In today’s society, executives will tell you that the balance between work and life is basically an ideal. However, by carefully choosing which opportunities they will pursue and which opportunities will be reduced, rather than simply responding to emergencies, leaders can and do meaningfully participate in work, family and community. Through hard experience, they found that success in senior positions is a meticulous combination of work and family, so as not to lose their own, loved ones or a successful foothold. People who do this most effectively involve their families in work decisions and activities. They are also vigilant in managing their human capital and are working hard to give them the work and housing they are due in a few years instead of weeks or days.
Through research on business leaders in this century, they say they maintain balance and harmony in their professional and personal lives. In this article, we use Harvard Business School students to conduct a five-year interview with nearly 4,000 executives around the world and a survey of 82 executives in the Harvard Business School Leadership Program.
In fact, this balance cannot be completely controlled, and unsatisfactory things in life happen from time to time. However, many of the managers we have studied, both men and women, have been motivated by this challenge while keeping in touch with their families. Their stories and recommendations reflect five main themes: defining success for themselves, managing technology, building support networks at work and home, selectively traveling or migrating, and working with partners.
When you lead a major project, you will decide as early as possible what a victory should look like. The same principles apply to well-thought-out life: you must define what success means to you, and of course your definition will evolve over time.
There are some interesting gender differences in our survey data: when defining career success, women value personal achievement more than men, are enthusiastic about work, are respected and make changes, but are less valuable for organizational achievement and continuous learning and development. Compared with men, women rank economic achievement as one aspect of personal or professional success in a lower proportion. Valuable interpersonal relationships are by far the most common factor in individual success for both sexes, but men only regard family ownership as a sign of success, while women describe their good family life. Women are also more likely to mention the importance of friends, communities and families.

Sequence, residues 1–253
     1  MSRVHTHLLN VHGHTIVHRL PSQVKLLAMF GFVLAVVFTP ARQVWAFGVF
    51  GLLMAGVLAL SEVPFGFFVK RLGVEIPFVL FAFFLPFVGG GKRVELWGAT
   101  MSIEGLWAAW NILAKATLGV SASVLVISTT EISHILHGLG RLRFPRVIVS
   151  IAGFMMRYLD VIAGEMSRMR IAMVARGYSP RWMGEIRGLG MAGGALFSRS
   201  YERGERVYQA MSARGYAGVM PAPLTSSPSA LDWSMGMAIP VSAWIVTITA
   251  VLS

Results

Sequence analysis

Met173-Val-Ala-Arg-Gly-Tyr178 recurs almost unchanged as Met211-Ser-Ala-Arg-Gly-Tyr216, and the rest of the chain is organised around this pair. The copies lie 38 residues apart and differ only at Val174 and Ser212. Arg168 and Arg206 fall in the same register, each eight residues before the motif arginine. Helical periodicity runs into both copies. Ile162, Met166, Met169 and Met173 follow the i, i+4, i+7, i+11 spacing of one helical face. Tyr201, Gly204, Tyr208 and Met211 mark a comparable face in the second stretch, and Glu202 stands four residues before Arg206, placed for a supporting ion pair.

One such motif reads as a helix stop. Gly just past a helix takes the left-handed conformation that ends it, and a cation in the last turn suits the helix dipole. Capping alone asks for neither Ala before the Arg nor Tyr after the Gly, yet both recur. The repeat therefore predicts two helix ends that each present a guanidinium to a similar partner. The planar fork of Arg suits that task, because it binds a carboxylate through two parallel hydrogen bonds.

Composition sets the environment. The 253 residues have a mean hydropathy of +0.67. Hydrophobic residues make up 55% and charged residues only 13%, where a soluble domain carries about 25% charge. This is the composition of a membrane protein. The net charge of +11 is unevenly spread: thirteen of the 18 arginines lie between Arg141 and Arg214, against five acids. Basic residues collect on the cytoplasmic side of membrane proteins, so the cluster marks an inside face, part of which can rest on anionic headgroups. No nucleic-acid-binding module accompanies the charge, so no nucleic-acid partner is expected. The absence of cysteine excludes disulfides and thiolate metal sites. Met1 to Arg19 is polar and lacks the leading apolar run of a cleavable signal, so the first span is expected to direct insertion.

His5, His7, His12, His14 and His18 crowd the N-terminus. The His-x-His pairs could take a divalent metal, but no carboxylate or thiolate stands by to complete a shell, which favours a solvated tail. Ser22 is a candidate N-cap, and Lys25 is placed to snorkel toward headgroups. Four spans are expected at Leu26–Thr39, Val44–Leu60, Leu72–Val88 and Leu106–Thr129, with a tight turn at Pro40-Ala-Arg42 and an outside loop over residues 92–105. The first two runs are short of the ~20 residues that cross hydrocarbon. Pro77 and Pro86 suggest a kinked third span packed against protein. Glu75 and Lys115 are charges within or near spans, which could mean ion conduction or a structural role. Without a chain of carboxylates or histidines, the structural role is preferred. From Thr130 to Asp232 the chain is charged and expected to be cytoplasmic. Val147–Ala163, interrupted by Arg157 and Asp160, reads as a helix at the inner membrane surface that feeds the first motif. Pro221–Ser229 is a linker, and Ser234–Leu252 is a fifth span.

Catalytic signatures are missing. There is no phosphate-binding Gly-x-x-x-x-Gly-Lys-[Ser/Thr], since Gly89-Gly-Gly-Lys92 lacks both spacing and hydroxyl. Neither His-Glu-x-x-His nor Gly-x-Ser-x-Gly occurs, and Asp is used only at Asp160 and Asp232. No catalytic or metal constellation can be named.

Survey answers include short phrases and lists, but in interviews, executives often define personal success by telling stories or describing the ideal self or time. Such narratives and self-concepts can serve as incentive objectives to help people differentiate priorities of activities and understand conflicts and contradictions.
When work and family responsibilities collide, for example, men may lay claim to the cultural narrative of the good provider. Several male executives who admitted to spending inadequate time with their families consider absence an acceptable price for providing their children with opportunities they themselves never had. One of these men, poor during his childhood, said that his financial success both protects his children and validates his parents’ struggles. Another even put a positive spin on the breakup of his family: “Looking back, I would have still made a similar decision to focus on work, as I was able to provide for my family and become a leader in my area, and these things were important to me. Now I focus on my kids’ education…and spend a lot more time with them over weekends.”
But even those who have achieved a so-called balance in their work and life will feel proud of it and still compare themselves with traditional male ideals. One interviewee said: “The 10 minutes I give my children at night are one million times longer than the 10 minutes I spend at work.” It’s hard to imagine a woman complacent about spending 10 minutes a day with her children, but a man might think the same behavior is typical.
Both men and women express a sense of guilt and link individual success with no regrets. They usually respond by giving a specific meaning to a particular indicator, such as never missing a minor league game, or registering once a day, anyway. One interviewee said: “I just put the dinner with my family in the first place, just like meeting my most important customers at 6 pm.” Another suggested this: “Designing you House, there is a table in the kitchen, your child can do homework there, and your husband cooks, you drink a glass of wine.” Although she expressed it in the form of advice, it is obviously her personal, specific The image of a successful family.
Among the many roads that can lead to success, none of them can walk alone without relying on other roads. In the pursuit of a rich career and personal life, men and women will certainly continue to face difficult decisions about where to concentrate. But you need to pay attention to make your work and life balance.